[0039] In one embodiment of the present invention, a configuration page information generation system comprises a means for detecting an indication of a network device configuration page generation event, a means for establishing which versions of a simple network management version is supported, and a means for ascertaining supported simple network management protocol security levels. In one exemplary implementation the configuration page information generation system further comprises a means for assembling supported simple network management protocol security level information in a format compatible for printing in a configuration page. In one embodiment, the configuration page information generation further comprises a means for printing supported simple network management protocol security level information.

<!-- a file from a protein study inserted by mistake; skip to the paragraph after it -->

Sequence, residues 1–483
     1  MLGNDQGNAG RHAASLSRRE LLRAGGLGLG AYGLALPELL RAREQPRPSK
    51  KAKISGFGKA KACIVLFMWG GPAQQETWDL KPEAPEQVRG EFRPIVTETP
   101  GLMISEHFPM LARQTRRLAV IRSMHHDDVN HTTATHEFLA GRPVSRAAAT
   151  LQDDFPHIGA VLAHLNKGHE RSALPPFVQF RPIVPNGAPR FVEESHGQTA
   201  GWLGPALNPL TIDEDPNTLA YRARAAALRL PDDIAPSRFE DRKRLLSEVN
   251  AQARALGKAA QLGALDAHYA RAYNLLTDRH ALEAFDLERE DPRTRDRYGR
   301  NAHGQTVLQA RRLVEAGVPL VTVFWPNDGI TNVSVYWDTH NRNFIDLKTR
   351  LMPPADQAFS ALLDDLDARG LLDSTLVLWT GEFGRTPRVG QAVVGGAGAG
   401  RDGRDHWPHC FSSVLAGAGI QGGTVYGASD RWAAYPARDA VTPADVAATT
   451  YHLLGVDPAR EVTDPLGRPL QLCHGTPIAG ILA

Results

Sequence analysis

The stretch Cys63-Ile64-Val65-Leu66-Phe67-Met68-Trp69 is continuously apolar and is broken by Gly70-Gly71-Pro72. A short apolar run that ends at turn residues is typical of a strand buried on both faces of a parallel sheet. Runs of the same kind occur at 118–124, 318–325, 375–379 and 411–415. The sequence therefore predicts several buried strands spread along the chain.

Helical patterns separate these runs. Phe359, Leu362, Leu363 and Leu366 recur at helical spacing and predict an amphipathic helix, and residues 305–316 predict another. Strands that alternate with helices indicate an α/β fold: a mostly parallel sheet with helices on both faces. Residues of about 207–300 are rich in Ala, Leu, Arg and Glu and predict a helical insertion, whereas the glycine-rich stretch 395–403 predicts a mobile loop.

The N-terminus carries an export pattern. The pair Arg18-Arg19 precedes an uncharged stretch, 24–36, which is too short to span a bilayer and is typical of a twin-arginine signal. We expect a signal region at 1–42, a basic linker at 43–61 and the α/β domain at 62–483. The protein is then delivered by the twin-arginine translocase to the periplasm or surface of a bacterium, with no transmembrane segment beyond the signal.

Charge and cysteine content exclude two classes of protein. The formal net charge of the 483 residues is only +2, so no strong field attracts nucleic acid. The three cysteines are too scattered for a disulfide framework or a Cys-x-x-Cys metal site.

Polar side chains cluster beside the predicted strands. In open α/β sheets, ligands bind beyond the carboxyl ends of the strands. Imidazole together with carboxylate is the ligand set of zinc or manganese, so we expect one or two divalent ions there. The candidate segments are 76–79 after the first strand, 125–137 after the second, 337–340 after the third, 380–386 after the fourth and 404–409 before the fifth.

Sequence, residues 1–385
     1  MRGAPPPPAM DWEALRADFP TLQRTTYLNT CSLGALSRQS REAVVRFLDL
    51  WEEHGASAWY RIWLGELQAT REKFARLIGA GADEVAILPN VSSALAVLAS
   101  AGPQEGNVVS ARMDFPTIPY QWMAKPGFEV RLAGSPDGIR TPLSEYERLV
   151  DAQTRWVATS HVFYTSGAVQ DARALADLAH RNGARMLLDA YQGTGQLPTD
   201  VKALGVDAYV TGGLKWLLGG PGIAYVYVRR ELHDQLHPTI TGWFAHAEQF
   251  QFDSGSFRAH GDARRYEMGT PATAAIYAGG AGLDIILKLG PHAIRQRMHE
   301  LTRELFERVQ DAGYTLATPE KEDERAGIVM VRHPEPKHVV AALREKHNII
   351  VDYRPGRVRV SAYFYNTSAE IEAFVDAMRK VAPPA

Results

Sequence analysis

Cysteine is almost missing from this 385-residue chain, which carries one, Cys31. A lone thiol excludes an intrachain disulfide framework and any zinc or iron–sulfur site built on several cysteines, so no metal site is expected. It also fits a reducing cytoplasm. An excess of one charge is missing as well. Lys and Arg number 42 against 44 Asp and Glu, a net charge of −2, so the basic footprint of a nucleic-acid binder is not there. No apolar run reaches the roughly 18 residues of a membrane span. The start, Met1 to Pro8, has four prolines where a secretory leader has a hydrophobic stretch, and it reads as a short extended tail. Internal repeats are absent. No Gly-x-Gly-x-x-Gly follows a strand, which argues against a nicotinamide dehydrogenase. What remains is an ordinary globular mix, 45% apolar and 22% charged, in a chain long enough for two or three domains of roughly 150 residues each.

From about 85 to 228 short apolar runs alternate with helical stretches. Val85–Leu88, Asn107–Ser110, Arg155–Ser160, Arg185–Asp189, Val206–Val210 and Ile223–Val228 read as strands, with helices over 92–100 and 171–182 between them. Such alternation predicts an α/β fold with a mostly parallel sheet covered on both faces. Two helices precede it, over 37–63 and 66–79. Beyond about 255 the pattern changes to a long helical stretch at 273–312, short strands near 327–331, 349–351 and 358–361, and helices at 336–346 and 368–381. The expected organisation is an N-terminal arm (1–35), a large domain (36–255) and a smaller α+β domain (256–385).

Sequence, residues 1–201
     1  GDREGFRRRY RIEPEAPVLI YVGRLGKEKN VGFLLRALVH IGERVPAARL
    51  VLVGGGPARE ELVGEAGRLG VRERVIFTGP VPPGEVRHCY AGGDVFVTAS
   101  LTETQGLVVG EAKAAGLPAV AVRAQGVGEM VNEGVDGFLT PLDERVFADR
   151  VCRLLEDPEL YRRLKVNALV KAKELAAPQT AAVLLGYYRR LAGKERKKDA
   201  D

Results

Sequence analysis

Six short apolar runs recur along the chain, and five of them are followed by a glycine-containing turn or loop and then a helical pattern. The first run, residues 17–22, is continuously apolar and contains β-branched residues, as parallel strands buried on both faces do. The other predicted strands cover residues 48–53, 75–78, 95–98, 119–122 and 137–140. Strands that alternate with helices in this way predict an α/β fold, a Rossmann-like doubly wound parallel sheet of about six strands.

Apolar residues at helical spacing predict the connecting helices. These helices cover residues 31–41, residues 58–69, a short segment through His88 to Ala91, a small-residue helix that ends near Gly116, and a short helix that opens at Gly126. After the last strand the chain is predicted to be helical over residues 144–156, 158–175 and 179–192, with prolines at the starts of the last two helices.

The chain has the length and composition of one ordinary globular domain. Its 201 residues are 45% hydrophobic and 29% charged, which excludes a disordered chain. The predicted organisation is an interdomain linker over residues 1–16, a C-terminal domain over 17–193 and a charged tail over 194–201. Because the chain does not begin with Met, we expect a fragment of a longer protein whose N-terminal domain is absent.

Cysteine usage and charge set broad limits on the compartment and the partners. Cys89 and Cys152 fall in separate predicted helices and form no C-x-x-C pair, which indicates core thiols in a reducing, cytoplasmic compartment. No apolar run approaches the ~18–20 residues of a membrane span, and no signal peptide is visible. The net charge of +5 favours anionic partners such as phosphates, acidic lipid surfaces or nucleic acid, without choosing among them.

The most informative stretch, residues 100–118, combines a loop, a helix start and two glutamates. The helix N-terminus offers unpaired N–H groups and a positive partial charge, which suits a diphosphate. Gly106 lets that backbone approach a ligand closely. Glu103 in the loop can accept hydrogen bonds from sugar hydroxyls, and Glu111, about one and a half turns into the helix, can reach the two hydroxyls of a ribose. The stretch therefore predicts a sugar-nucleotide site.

[0040] The means for ascertaining supported simple network management protocol security levels is capable of ascertaining support for variety of security levels. In one exemplary implementation of the present invention the means for ascertaining supported simple network management protocol security levels ascertains the simple network management protocol security level does not support authentication and privacy features. In one exemplary implementation of the present invention the means for ascertaining supported simple network management protocol security levels ascertains the simple network management protocol security level does support authentication and privacy features. In one exemplary implementation of the present invention the means for ascertaining supported simple network management protocol security levels ascertains the simple network management protocol security level does support authentication but does not support privacy features. In one exemplary implementation of the present invention the means for ascertaining supported simple network management protocol security levels ascertains the simple network management protocol security level does a community name setting.